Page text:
Classical Phenomenology

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The Classical Phenomenology research section of the Graz University Philosophy Department conceives itself as a philosophical investigation of various modes of experience across the entire range of human consciousness and action (sensuous-bodily, intellectual, psychological, social). As a phenomenological-intuitionist approach, it aims at grasping the essence, idea or form (eidos) of the experiences it scrutinizes. It holds that essences can be given in an intuitive manner, just as many kinds of particular objects can be. Sticking to the principle of intuitive givenness while acknowledging that different types of objects (e.g. objects of perception, ideal objects, axiological objects) exhibit different kinds of intuitive givenness is a distinctive mark of this kind of non-dogmatic, reflective intuitionism. In our research group, this philosophical position is systematically elaborated through the development of experientially accurate conceptualizations of key notions like consciousness, intentionality, embodiment, intersubjectivity, or understanding.


This idea of philosophy stands in the tradition of Edmund Husserl’s refined proposal of classical phenomenology and tries to further advance it. From the beginning of the 20th century onward, Husserl formulated the core ideas of phenomenology which then were criticized and modified by other members of the early phenomenological movement (Martin Heidegger, Max Scheler, Maurice Merleau-Ponty, Jean-Paul Sartre, Adolf Reinach, Edith Stein, Felix Kaufmann, Hannah Arendt, Roman Ingarden and others).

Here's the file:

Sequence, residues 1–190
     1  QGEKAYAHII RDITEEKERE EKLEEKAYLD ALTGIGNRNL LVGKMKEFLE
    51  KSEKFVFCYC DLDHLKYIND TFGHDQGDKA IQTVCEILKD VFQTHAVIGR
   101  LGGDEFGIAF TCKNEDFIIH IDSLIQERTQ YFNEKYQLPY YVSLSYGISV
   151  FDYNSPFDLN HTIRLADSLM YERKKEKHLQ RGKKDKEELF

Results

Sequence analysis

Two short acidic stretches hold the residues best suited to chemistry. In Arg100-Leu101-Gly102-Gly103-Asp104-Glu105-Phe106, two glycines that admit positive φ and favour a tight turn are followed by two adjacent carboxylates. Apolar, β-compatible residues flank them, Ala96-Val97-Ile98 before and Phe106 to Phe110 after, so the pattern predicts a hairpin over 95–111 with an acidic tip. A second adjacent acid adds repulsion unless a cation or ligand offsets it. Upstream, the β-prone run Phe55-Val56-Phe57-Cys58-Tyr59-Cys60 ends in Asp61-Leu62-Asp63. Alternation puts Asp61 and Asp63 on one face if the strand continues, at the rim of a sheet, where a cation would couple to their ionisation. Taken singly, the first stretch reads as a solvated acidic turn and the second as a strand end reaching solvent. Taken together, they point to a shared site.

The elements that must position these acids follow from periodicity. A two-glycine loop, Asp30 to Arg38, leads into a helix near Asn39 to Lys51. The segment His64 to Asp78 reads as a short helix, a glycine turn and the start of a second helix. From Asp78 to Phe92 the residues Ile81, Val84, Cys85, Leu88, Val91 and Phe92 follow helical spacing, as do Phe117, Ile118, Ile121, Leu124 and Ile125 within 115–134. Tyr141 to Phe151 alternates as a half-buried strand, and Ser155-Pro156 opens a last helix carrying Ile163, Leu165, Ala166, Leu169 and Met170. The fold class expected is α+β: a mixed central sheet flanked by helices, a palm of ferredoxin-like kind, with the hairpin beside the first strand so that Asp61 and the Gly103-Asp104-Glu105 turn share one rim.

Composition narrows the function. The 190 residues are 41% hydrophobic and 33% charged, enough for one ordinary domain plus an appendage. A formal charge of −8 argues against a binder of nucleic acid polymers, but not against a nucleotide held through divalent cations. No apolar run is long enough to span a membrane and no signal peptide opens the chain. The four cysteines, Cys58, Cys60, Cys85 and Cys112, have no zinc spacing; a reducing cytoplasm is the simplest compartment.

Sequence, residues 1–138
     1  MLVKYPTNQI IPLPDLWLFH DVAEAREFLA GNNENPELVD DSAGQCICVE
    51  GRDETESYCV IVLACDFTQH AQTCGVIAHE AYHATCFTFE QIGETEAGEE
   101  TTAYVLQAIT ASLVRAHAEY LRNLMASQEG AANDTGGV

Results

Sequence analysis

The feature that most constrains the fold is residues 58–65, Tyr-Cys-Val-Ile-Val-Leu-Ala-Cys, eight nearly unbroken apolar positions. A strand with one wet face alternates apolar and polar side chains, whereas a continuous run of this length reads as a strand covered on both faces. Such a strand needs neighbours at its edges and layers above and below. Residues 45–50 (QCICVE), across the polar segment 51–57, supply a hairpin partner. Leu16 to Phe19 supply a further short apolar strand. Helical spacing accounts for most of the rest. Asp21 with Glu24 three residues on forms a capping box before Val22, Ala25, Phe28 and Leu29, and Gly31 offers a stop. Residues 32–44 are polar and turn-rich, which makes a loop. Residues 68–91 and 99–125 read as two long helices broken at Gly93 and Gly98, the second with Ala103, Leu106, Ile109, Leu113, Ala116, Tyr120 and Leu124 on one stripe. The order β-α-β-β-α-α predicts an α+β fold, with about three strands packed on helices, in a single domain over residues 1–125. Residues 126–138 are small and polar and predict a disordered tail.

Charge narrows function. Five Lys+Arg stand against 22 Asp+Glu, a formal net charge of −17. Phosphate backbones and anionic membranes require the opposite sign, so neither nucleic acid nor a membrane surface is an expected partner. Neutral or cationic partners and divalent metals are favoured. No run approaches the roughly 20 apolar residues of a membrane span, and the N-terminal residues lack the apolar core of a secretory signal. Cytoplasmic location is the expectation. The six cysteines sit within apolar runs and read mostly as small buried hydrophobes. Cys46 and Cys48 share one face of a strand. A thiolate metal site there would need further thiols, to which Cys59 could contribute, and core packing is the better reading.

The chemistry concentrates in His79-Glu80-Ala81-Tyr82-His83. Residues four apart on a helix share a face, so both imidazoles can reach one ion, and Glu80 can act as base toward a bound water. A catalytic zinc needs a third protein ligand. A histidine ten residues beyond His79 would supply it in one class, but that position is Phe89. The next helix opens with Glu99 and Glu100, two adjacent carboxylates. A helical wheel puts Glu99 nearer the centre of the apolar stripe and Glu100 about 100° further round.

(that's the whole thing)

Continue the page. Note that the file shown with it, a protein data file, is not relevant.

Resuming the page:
Ever since its historical origin, phenomenology has been interested in interdisciplinary studies, on the one hand, and in the various and intricate manners in which philosophy, science and life-world are intertwined, on the other hand. With a view to current developments, we consider it of utmost importance to enter discussion with other philosophical paradigms, especially with analytic philosophy, existential philosophy, pragmatism and various traditional theories of subject and critical challenges of notions of subject, respectively.


Bringing to bear classical phenomenology in current philosophical debates, according to our areas of specialization (esp., (meta)ethics and theory of value, emotion studies, epistemology, metaphysics und theory of science) constitutes a shared commitment and binding motivation of the phenomenology group at Graz University. Moreover, we are interested in inquiring into the relations between Husserl’s work and various other brands of phenomenology, especially the early realist phenomenology as represented by the Munich group. Generally, we not only appreciate philosophical diversity as an inherent feature of the phenomenological movement, but also in its external dimension hinging upon interactions with non-phenomenological ways of doing philosophy. Indeed, we explicitly aim at pushing ahead the development of phenomenology by deliberately opening up to alternative philosophical and scientific approaches in a qualified way.


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Heinrichstr. 26/5th floorA-8010 Graz

Ao.Univ.-Prof. Mag. Dr. Sonja Rinofner
+43 (0)316 380 - 2310
+43 (0)316 380 - 9705

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